From November 22, 2013 to March 23, 2014, the Jewish Museum Berlin exhibits 130 black and white photographs within the exhibition “In an Instant,” among them street scenes of Paris and New York as well as numerous portraits, by Jewish German-born photographer Fred Stein.
Following the National Socialists’ seizure of power, the lawyer and then-amateur photographer Stein, his wife Lilo, and their daughter were forced to flee Germany for Paris in 1933, where they had to build an existence from scratch. Stein opened his own photographic studio in Paris, and his passion soon became his profession. In 1941, the outbreak of World War II finally forced the family to emigrate to New York. The photographs Stein took in both of these cities incorporate a variety of ephemeral social stories—partly humorous, partly serious. Germany’s first-ever retrospective of Fred Stein’s oeuvre also showcases signature portraits of well-known figures of the German émigré community such as Marlene Dietrich, Thomas Mann, Hannah Arendt, and Albert Einstein. Willy Brandt described Stein as “a brilliant photographer inspired by his quest for justice and his concern for truth so clearly reflected in his photographs.” Stein’s legacy still continues to live on today through photographs that have found their place in society’s collective consciousness.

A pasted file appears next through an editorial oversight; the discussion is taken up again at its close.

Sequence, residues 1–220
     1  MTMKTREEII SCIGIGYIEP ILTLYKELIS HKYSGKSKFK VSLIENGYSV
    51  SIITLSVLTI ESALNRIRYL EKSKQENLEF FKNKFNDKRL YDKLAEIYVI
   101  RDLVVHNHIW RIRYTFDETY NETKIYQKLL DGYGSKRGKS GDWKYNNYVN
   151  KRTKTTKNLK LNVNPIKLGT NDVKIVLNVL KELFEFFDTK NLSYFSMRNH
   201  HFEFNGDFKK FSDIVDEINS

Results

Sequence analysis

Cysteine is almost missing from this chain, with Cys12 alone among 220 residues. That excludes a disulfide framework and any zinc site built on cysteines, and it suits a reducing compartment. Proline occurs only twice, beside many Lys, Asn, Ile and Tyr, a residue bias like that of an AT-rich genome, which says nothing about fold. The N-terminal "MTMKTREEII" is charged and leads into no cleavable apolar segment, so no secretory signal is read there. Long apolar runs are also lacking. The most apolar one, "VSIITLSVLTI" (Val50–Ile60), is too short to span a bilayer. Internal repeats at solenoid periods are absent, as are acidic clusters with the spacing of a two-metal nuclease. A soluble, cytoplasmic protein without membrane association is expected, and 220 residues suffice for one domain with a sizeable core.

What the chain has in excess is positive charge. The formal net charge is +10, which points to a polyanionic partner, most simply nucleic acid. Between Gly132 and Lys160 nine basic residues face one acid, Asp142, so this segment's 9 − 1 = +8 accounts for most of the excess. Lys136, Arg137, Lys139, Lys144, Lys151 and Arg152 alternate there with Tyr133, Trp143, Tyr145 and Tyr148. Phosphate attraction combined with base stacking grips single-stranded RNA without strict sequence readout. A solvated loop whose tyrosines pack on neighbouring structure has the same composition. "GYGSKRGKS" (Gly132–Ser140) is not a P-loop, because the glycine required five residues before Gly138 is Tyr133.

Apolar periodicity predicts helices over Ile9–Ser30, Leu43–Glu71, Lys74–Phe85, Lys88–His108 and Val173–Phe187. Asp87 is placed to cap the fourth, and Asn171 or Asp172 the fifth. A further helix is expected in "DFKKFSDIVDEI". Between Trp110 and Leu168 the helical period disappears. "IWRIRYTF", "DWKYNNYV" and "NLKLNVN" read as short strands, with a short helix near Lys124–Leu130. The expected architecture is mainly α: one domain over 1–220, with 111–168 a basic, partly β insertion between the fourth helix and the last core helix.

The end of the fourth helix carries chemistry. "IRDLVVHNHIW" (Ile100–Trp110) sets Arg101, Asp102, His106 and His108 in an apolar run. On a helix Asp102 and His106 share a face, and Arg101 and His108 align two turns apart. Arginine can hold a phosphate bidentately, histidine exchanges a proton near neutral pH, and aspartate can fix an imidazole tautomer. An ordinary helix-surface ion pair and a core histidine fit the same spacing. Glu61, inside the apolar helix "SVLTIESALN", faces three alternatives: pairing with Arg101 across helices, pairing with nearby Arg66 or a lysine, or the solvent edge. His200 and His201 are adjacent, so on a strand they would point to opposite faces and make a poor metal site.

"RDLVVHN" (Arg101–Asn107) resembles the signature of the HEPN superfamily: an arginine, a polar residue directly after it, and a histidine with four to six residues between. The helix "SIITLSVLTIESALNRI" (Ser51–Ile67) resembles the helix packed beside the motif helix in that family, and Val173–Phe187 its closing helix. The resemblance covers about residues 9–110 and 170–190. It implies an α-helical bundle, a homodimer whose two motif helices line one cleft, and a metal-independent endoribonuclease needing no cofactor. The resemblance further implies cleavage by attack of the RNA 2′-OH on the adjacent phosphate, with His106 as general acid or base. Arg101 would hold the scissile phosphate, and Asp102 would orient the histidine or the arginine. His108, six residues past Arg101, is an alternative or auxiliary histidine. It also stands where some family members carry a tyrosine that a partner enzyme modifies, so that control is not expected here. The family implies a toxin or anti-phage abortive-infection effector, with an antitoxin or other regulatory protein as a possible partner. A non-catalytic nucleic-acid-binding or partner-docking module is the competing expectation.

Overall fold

On the opening night on November 21, 2013, Cilly Kugelmann, the Program Director of the Jewish Museum Berlin, delivered welcoming remarks, followed by an introduction to the exhibition by Theresia Ziehe, the curator, and by Ms. Jihan Radjai, the museum’s research associate. Peter Stein, the guest of honor and Fred Stein’s son and executor delivered opening remarks elaborating on his father’s life story and the legacy of his photographs.
The exhibition has been supported by the U.S. Embassy Berlin.